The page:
Imagine a world without stories.

Can you?

Most living beings, as far as we can tell, exist that way.

For human beings, however, stories are almost as fundamental as breathing.

I love the way Lisa Cron puts it, in Wired for Story.

"Story, as it turns out, was crucial to our evolution - more so than opposable thumbs. Opposable thumbs let us hang on; story told us what to hang on to."

As artists, creators, makers, part of our calling is to help others figure out what to hold on to.

We live in a world where internet access enables anyone to build or become a business. Technical skills, novel ideas, or access to capital are no longer sufficient to survive and thrive. As more creators monetize their independence, being a good storyteller is an unfair advantage. But how do you become one?

From crafting a personal narrative that motivates us to work with purpose, to microstorytelling for social media, independent creators must understand how stories work, and how to use them to gather people around us, around our missions.

As a rookie independent online creator with a background in filmmaking, I've spent years studying the inner works of storytelling, and how it is applied not only to drama, but to marketing and business. I wanted to create this resource guide for every creative person who is aware storytelling is important, but doesn’t know how to use it.

Adventure time!


Books

The Hero with a Thousand Faces - Joseph Campbell

Perhaps the most foundational thinker of storytelling, Campbell has influenced legions of filmmakers to understand, and utilize, story structures, myths and archetypes. He has spent decades researching and writing about storytelling, including a comprehensive five-volume atlas of world mythology. "The Hero with A Thousand Faces" is a classic that upon reading will make you see connections between stories and movies you've never thought as similar before.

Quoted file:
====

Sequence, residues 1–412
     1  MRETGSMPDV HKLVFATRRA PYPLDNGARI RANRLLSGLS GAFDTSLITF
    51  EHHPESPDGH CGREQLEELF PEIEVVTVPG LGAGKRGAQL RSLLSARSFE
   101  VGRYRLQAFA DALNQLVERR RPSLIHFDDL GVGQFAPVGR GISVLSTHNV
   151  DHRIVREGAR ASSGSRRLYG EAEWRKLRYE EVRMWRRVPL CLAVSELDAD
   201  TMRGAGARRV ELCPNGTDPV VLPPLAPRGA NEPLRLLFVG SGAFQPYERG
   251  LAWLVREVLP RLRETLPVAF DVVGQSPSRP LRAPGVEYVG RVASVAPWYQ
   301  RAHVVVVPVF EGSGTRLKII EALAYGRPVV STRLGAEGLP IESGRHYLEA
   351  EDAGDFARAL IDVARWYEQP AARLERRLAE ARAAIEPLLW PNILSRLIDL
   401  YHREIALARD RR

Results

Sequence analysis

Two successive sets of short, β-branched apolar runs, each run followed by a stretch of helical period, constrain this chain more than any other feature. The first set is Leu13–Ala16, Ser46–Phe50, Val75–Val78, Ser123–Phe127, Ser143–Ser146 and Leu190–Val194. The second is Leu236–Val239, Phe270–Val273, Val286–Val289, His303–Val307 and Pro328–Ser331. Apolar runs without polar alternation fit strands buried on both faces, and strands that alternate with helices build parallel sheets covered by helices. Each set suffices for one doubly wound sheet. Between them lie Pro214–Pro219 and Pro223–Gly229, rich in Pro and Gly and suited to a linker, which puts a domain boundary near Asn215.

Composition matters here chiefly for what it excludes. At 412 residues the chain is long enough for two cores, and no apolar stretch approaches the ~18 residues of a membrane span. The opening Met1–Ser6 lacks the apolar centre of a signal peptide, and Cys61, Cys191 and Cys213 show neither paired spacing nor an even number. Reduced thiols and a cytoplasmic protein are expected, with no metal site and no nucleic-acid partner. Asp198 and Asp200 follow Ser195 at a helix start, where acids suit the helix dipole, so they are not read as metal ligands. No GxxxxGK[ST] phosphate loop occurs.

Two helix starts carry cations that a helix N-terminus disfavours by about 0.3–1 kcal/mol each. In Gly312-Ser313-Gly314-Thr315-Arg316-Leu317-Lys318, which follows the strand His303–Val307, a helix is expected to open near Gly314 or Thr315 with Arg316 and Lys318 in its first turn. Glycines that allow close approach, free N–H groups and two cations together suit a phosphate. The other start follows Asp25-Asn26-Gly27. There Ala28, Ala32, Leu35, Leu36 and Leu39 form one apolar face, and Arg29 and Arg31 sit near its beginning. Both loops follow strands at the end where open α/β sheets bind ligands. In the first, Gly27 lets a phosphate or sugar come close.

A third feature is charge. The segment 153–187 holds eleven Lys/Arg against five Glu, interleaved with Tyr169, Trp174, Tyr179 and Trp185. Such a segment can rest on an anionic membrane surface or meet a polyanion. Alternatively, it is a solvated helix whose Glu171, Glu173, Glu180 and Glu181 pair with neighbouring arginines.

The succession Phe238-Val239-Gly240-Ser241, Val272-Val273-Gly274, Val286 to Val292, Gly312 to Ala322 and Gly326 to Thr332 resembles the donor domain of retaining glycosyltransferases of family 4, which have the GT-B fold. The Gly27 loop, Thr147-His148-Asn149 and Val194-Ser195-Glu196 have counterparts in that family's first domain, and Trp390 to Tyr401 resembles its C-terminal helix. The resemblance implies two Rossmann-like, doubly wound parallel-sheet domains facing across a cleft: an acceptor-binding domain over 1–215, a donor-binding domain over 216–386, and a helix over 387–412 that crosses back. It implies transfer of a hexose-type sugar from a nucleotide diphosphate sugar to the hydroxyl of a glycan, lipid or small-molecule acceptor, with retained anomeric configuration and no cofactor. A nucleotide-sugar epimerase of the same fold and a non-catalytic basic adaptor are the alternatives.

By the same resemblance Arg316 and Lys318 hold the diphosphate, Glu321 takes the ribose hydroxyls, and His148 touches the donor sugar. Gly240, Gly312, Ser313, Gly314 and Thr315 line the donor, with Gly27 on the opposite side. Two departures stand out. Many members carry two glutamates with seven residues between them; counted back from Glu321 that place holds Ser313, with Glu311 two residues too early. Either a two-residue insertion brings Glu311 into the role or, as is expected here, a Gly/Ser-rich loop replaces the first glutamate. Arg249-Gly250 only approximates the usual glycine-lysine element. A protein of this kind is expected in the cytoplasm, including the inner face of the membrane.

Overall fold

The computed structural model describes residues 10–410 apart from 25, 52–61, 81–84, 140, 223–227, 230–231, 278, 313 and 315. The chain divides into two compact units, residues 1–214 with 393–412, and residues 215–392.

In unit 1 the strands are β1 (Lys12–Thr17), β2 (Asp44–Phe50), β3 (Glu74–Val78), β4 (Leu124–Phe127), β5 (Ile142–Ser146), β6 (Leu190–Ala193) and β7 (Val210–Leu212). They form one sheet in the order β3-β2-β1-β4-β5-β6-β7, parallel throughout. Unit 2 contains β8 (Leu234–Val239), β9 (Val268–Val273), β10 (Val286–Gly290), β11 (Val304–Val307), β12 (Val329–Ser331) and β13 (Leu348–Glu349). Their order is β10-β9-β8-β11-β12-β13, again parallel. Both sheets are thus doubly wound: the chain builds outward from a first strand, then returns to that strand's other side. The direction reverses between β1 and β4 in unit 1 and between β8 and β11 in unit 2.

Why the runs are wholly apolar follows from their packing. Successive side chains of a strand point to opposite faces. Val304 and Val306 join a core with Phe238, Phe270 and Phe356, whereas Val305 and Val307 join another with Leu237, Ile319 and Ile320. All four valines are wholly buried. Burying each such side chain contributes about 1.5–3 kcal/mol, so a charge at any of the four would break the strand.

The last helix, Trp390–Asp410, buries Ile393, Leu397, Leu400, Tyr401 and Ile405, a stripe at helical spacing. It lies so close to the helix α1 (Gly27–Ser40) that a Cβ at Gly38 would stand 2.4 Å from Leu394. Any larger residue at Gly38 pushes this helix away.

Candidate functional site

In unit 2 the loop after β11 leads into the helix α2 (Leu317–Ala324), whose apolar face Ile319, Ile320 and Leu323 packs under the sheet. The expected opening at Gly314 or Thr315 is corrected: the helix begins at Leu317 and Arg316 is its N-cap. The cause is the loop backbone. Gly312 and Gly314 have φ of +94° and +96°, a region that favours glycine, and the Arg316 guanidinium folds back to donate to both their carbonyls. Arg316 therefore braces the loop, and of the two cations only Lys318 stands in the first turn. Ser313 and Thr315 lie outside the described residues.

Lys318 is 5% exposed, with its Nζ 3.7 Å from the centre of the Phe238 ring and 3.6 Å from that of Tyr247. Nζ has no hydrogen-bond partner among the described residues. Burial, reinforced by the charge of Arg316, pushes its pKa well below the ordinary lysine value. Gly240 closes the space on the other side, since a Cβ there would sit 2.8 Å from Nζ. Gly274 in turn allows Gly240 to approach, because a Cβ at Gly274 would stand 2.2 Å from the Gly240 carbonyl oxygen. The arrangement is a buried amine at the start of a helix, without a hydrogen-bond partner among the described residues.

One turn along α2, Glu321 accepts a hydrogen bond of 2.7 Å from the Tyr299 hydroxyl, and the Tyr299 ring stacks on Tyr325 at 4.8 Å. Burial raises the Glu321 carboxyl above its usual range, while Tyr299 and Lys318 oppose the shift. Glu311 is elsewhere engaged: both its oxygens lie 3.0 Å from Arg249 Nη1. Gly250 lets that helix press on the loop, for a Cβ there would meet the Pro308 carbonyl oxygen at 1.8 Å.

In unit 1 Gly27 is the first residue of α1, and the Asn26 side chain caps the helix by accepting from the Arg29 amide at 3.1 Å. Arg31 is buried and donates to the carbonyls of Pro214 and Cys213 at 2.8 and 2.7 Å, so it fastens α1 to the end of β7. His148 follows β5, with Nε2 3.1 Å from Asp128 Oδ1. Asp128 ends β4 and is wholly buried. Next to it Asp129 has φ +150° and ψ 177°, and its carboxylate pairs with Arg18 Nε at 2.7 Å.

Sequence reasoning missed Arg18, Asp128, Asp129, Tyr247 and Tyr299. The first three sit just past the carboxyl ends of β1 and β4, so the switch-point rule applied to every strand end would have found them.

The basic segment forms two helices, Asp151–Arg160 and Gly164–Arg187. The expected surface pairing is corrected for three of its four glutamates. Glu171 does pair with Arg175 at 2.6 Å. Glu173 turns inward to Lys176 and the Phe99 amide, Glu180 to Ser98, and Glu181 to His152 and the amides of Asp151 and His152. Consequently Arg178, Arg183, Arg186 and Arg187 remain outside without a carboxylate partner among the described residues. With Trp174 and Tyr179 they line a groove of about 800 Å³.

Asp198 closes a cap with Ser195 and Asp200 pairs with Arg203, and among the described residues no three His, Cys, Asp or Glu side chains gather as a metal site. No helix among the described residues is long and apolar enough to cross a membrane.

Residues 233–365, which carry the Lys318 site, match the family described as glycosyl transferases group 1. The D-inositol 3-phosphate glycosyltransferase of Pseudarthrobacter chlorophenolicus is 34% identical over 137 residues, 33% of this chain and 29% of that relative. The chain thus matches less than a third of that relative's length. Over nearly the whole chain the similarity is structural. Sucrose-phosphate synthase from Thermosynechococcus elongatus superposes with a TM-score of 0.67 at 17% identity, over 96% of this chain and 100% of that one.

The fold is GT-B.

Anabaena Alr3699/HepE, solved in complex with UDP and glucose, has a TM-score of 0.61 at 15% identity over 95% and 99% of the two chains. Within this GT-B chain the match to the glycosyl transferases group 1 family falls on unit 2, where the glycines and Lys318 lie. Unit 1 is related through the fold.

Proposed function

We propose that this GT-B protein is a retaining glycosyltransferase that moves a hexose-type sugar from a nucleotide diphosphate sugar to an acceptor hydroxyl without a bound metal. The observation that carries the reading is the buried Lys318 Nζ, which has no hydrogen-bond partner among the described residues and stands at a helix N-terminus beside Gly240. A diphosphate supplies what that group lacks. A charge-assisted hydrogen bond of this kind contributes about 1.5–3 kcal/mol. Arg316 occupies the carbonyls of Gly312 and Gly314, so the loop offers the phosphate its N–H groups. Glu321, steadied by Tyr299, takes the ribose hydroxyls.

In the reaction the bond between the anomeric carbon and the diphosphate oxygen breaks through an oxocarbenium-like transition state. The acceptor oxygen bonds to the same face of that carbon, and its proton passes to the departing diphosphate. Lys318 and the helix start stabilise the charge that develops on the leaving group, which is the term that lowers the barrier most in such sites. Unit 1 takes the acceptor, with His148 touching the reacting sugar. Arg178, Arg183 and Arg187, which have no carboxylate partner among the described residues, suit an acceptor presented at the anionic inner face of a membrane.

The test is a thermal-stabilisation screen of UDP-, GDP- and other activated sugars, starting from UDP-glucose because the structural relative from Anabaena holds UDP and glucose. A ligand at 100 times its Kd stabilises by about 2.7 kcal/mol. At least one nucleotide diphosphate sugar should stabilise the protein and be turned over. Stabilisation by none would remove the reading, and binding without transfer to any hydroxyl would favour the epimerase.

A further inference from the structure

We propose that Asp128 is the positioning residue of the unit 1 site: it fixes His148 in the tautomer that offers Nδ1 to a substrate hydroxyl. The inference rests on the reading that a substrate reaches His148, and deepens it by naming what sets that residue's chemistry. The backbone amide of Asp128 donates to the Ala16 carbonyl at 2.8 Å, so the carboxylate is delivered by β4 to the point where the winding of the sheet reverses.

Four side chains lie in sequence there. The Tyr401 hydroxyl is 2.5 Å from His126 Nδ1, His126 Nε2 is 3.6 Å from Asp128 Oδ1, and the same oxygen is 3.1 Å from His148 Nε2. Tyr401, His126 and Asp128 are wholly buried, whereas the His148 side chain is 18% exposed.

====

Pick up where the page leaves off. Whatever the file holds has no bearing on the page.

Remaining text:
His leading theory is the monomyth: the idea of the "hero (who) ventures forth from the world of common day into a region of supernatural wonder: fabulous forces are there encountered and a decisive victory is won: the hero comes back from this mysterious adventure with the power to bestow boons on his fellow man."

The Storytelling Animal - Jonathan Gottschall

If Joseph Campbell makes you understand story from a cultural and anthropological perspective, Jonathan Gottschall comes in to supplement with a scientific angle. There are only a couple of books that attempt to decipher the evolutionary aspects of storytelling, and I think this is the best one.

My favorite quote: